Derek Ivor Breashur McCulloch
18 November 1897
|Died||1 June 1967 (aged 69)|
Haywards Heath, West Sussex, England
|Occupation||BBC Radio producer and presenter|
Head of children's broadcasting for the BBC
|Spouse(s)||Eileen Barry (1931–1967, his death)|
Derek Ivor Breashur McCulloch OBE (18 November 1897 – 1 June 1967) was a BBC Radio producer and presenter. He became known as "Uncle Mac" on Children's Hour and Children's Favourites and his being the voice of "Larry the Lamb" in Toytown. He was the head of children's broadcasting for the BBC from 1933 until 1951.
McCulloch was born in Plymouth to Scottish parents. The First World War interrupted his education, and he enlisted in 1915 in the Public Schools Battalion of the 16th Middlesex Regiment at the age of 17. He served until 1921 with the infantry, where he was commissioned into the Green Howards, and in the Royal Flying Corps as an equipment officer, including a spell on HMS Valiant. He was wounded at the Battle of the Somme in 1916. After the war he worked in Argentina on the railways, but had to return to England because of ill health.
He joined the BBC in 1926 as an announcer. He was the commentator on the first radio broadcast of the FA Cup Final in 1927. He became second in command on Children's Hour in 1931 and was placed in charge of it in 1933. The programme included talks, plays, music and drama serials. He was appointed head of children's broadcasting in 1933, serving in that position until 1951. He regarded the department as a microcosm of all broadcasting, stating: "Nothing but the best is good enough for children ... our wish is to stimulate their imaginations, direct their reading, encourage their various interests, widen their outlook and inculcate the Christian virtues of love of God and their neighbours." In 1938 he lost a leg as the result of a road accident, and thereafter remained in constant pain.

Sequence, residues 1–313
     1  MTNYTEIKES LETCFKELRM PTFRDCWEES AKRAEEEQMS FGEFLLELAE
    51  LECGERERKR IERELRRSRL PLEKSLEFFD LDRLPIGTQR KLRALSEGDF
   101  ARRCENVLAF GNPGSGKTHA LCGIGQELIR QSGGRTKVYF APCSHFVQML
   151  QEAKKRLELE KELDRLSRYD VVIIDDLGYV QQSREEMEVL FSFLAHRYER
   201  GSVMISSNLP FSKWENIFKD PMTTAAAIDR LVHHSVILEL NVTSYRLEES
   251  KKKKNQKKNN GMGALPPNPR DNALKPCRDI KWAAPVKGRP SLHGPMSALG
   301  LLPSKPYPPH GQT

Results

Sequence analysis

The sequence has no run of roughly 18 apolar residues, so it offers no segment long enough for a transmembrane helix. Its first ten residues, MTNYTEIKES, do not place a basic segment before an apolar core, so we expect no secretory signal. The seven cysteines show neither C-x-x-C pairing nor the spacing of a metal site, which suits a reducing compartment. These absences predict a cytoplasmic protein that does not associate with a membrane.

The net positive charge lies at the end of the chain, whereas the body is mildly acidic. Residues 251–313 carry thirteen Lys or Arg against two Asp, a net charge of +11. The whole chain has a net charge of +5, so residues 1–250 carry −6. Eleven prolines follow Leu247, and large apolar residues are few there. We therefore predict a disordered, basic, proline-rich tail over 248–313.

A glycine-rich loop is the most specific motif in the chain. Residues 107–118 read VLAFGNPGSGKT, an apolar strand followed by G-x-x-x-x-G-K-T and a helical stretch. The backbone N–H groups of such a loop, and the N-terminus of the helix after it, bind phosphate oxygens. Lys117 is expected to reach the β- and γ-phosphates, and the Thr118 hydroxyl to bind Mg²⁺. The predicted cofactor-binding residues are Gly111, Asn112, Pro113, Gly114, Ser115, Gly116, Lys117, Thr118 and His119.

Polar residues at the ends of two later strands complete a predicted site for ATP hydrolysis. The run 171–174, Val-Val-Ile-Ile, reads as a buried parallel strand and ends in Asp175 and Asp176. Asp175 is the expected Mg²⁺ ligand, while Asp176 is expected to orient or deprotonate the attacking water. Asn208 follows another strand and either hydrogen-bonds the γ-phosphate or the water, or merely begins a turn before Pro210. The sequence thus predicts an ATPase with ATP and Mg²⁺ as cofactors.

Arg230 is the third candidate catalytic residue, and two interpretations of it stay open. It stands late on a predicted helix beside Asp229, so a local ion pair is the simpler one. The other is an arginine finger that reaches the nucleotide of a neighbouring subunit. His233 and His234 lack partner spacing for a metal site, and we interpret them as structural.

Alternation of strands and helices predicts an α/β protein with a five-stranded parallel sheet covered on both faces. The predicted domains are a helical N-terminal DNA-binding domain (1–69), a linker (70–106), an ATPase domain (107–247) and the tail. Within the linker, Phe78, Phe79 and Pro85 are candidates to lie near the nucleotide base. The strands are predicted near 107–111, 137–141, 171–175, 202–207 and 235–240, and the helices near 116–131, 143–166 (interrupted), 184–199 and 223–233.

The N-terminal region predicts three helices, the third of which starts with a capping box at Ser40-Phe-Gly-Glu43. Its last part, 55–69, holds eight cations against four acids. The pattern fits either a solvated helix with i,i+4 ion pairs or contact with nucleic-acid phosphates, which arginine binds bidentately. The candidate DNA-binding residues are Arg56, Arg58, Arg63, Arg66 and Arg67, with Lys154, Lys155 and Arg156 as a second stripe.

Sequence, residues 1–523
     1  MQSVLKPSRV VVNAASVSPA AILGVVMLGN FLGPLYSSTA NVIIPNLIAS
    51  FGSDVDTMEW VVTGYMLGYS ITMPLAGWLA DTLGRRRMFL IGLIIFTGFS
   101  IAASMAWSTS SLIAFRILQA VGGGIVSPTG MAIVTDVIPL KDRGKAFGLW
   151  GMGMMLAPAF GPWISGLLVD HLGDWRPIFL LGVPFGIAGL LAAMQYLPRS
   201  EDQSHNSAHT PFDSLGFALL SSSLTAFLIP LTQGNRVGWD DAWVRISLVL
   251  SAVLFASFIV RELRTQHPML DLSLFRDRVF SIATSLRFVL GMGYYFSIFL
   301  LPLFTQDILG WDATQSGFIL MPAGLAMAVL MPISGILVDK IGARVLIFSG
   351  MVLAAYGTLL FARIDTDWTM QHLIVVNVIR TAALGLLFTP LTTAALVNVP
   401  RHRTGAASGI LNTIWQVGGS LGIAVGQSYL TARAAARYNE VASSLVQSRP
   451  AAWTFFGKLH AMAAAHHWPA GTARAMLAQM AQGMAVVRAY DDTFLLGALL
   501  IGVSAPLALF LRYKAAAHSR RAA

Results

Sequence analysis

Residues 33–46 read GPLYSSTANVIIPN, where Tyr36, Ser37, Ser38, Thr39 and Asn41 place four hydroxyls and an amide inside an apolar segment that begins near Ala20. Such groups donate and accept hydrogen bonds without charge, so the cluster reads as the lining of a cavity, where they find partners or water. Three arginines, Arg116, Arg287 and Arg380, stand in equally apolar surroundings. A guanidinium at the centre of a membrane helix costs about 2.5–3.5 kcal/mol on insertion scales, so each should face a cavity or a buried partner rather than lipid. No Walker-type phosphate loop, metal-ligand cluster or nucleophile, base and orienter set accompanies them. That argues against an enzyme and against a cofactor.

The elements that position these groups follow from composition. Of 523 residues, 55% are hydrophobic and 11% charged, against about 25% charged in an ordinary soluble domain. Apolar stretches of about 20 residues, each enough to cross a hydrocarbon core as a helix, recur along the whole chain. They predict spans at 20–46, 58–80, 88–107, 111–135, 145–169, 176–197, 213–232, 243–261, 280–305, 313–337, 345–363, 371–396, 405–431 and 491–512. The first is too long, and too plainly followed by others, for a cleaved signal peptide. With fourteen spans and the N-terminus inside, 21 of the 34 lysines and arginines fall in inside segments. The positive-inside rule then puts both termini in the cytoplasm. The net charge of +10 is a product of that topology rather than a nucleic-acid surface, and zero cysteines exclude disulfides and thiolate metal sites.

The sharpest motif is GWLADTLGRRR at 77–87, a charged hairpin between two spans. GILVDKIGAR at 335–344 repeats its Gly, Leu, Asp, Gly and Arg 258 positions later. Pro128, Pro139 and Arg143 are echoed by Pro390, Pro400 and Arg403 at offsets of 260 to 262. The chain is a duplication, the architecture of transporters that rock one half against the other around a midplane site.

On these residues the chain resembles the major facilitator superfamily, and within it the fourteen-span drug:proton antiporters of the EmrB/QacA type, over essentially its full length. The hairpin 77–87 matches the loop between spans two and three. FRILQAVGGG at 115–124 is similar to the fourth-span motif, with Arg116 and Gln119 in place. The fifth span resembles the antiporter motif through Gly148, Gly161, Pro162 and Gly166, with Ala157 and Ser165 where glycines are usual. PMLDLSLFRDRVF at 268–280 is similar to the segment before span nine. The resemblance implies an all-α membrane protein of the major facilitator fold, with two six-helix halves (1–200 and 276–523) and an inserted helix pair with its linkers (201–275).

In 1939 the audience for Children's Hour reached four million. His sign-off line, "Goodnight children, everywhere," became more poignant after the evacuation of many children from their homes at the start of the Second World War. He resigned from the BBC in 1950 due to ill health but continued to chair Nature Parliament which ran roughly every month on Children's Hour.
He became the children's editor for the News Chronicle. In 1954 he returned to the BBC, to present a BBC music request programme for children, Children's Favourites, on Saturday mornings. The programme was dropped in 1964, despite protests and questions in Parliament, but it was popular, and McCulloch continued to present it until 1965. After his retirement it became Junior Choice, hosted by Ed Stewart, when the BBC Light Programme was replaced by Radio 1 and Radio 2 in 1967.
- Strinati, D. Come on Down?: The Politics of Popular Media Culture in Post-War Britain, Psychology Press, 1992, pp. 153, 157.
- Mckenzie, Jim. Biography by Jim Mackenzie at The Wee Web. Retrieved 30 October 2012
- The Radio Academy: Derek McCulloch Archived 19 April 2012 at the Wayback Machine. Retrieved 30 October 2012
- BBC Quarterly 1948.
- This Is Your Life: Season 9, Episode 19 Derek McCulloch: Uncle Mac (13 Feb. 1964) IMDb. Retrieved 25 March 2014.
- Children's Hour
- Cahalan, Paul; Jonathan Owen (28 October 2012). "Bitter infighting sweeps the BBC". The Independent. Archived from the original on 28 October 2012. Retrieved 28 October 2012. Cite uses deprecated parameter
- Hartley, Ian. Goodnight Children Everywhere: History of Children's Broadcasting. Midas Books, 1983. ISBN 0-85936-201-9
- Walden, Jeff. "Derek McCulloch", Oxford Dictionary of National Biography. September 2004.
- Derek McCulloch's appearance on This Is Your Life